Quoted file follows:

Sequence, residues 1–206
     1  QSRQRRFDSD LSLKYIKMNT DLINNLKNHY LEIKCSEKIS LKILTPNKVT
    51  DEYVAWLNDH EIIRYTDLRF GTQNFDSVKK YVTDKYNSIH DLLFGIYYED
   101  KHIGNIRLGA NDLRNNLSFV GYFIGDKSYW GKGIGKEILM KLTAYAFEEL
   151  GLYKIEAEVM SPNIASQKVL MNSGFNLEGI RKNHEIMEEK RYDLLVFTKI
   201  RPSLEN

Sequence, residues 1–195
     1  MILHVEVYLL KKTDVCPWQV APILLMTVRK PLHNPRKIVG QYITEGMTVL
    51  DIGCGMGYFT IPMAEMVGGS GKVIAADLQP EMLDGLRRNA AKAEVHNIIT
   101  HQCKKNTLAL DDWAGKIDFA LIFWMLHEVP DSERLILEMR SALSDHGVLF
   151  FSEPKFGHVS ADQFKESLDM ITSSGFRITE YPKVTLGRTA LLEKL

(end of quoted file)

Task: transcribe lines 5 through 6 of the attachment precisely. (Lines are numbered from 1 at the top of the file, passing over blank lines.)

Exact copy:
   151  GLYKIEAEVM SPNIASQKVL MNSGFNLEGI RKNHEIMEEK RYDLLVFTKI
   201  RPSLEN